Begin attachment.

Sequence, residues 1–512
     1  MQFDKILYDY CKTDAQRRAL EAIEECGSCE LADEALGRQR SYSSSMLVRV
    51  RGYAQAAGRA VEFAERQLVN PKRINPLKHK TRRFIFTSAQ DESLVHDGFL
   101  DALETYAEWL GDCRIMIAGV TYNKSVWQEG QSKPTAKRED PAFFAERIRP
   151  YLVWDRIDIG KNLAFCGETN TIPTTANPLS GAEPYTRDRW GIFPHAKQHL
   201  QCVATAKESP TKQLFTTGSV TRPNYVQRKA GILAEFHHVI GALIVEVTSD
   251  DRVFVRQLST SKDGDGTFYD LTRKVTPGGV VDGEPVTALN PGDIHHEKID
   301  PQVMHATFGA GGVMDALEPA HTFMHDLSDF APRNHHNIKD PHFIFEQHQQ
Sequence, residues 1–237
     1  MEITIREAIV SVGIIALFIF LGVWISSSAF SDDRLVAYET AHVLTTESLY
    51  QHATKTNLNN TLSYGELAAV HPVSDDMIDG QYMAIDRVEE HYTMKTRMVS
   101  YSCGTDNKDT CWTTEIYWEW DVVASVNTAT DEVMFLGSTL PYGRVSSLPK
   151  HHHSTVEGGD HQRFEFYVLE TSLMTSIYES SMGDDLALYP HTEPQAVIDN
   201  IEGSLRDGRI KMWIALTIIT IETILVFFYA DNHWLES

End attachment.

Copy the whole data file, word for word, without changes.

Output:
Sequence, residues 1–512
     1  MQFDKILYDY CKTDAQRRAL EAIEECGSCE LADEALGRQR SYSSSMLVRV
    51  RGYAQAAGRA VEFAERQLVN PKRINPLKHK TRRFIFTSAQ DESLVHDGFL
   101  DALETYAEWL GDCRIMIAGV TYNKSVWQEG QSKPTAKRED PAFFAERIRP
   151  YLVWDRIDIG KNLAFCGETN TIPTTANPLS GAEPYTRDRW GIFPHAKQHL
   201  QCVATAKESP TKQLFTTGSV TRPNYVQRKA GILAEFHHVI GALIVEVTSD
   251  DRVFVRQLST SKDGDGTFYD LTRKVTPGGV VDGEPVTALN PGDIHHEKID
   301  PQVMHATFGA GGVMDALEPA HTFMHDLSDF APRNHHNIKD PHFIFEQHQQ
Sequence, residues 1–237
     1  MEITIREAIV SVGIIALFIF LGVWISSSAF SDDRLVAYET AHVLTTESLY
    51  QHATKTNLNN TLSYGELAAV HPVSDDMIDG QYMAIDRVEE HYTMKTRMVS
   101  YSCGTDNKDT CWTTEIYWEW DVVASVNTAT DEVMFLGSTL PYGRVSSLPK
   151  HHHSTVEGGD HQRFEFYVLE TSLMTSIYES SMGDDLALYP HTEPQAVIDN
   201  IEGSLRDGRI KMWIALTIIT IETILVFFYA DNHWLES